Halloween: Resurrection (2002) Review

Director: Rick Rosenthal

Genre(s): Horror, Thriller

Runtime: 94 minutes

MPAA Rating: R

IMDb Page

If every film franchise had to nominate one of its installments to go to the So-Bad-It’s-Good Awards, the Halloween series would definitely pick 2002’s Halloween: Resurrection (the eighth entry). This is the one where a bunch of dumbass college students go on an Internet reality show where they must spend a night in the old Myers home, where serial killer Michael Myers (Brad Loree) was raised. In case you haven’t guessed, the show is hosted by Freddie Harris (Busta Rhymes) and produced by Nora (Tyra Banks). This right here is a slice of bad movie nirvana.

Many (most?) fans of the original Halloween (1978) are bound to shed some tears over this one. We’re not talking everyday stupidity here. We’re talking electroshock-Michael-Myers’-gonads-level stupidity. It’s not a scary picture, but its true appeal is in its unintentional comedy. There are definitely some belly laughs to be found in Halloween: Resurrection. Hell, people in the other room may think that you’re watching a marathon of The Simpsons or something, instead of viewing an entry into one of the most famous horror series of all time. Oh, yeah, did I mention that it’s directed by Rick Rosenthal, who helmed the classic Halloween II (1981)?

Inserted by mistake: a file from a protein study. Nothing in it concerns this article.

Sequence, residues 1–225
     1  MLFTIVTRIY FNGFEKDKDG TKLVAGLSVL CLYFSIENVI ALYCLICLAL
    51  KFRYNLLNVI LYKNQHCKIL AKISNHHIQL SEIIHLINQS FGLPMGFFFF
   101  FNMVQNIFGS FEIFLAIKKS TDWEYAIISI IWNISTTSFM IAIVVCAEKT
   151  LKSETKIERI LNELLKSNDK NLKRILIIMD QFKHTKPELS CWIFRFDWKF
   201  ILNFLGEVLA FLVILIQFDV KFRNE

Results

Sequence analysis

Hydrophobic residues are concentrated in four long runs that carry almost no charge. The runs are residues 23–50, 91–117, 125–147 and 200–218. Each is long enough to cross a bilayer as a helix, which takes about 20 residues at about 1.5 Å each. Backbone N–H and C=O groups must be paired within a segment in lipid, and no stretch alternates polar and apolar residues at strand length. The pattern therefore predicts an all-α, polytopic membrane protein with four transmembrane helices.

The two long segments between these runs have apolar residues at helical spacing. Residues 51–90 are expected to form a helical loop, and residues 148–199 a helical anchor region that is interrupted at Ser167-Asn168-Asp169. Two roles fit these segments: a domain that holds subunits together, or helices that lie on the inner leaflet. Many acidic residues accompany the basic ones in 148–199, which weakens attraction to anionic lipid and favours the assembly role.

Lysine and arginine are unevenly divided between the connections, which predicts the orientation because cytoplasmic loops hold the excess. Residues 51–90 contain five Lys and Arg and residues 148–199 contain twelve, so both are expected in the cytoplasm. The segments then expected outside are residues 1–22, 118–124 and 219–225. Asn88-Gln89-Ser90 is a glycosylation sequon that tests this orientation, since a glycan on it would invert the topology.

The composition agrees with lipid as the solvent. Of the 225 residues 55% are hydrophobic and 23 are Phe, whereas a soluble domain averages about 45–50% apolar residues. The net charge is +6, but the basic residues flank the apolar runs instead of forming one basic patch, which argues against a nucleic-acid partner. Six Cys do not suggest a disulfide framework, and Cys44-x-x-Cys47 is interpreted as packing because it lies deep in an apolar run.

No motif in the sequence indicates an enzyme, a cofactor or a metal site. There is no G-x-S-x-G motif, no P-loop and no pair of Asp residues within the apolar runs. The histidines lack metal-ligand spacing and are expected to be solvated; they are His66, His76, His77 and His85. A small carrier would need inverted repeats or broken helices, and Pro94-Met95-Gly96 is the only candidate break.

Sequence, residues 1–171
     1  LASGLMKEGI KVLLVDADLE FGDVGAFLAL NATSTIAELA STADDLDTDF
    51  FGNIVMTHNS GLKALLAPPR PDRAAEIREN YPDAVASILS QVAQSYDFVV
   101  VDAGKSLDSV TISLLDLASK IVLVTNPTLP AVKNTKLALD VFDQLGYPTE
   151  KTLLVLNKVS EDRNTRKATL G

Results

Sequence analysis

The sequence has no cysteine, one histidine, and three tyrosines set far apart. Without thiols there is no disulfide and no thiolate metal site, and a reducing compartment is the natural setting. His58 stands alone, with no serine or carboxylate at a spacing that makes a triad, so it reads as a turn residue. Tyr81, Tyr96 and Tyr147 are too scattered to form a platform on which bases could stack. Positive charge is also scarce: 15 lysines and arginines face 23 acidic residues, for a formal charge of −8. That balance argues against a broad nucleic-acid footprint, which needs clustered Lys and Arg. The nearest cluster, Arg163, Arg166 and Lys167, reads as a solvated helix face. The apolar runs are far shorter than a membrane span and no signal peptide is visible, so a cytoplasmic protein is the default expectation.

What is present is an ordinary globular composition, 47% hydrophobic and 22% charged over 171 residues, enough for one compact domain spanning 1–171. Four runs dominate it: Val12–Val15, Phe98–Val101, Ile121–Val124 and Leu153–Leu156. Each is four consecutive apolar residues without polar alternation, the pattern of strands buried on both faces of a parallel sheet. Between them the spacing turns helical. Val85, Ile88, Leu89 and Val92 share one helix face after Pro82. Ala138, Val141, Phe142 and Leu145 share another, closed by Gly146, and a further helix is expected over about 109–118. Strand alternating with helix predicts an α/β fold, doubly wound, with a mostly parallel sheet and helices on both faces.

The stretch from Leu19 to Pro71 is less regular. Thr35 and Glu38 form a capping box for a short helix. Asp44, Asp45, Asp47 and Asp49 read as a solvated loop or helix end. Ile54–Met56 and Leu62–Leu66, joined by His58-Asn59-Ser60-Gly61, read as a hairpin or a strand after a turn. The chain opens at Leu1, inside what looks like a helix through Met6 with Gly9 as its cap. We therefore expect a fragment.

It should be noted that the opening sequence of Resurrection is perhaps more insulting than hysterical, as it revolves around a gallingly bad cameo from Laurie Strode (Jamie Lee Curtis). After that, there’s a few mildly slow moments, but this horrible feature’s got it where it counts. Atrocious dialogue and baffling action is what Resurrection‘s all about. It tries to go for a semi-“found footage” vibe with the low-resolution camerawork done by the reality show’s “contestants,” making it all the more endearingly kitschy.

Okay, do you shy away from so-bad-it’s-good flicks? If you do, stay miles away from Halloween: Resurrection. However, fans of the outlandish and enjoyably awful will want – nay – will need to see it. It may not be as deliriously funny as, say, Death Wish 3 (1985), but I can see this one becoming a cult classic in the future…and rightfully so. Busta Rhymes wills it.

My rating is 8 outta 10.

Halloween H20: 20 Years Later (1998) Review

Director: Steve Miner

Genre(s): Horror, Thriller

Runtime: 86 minutes

MPAA Rating: R

IMDb Page

This one just might have the silliest name of the entire Halloween series. I mean, “H20?” You mean like the chemical formula for water? Who thought this out? The flick’s tagline is “Blood is thicker than Water,” so I guess they tried to tie in the whole water thing to the marketing. Okay, enough with that. The seventh installment in the franchise sees the return of Laurie Strode (Jamie Lee Curtis), who’s now the dean of a private school in California. Unfortunately for her, and fortunately for the audience, Michael Myers (Chris Durand) is also alive and well, and is making his way to the West Coast to kill her. Could this be the final showdown between Laurie and Michael? Don’t count on it!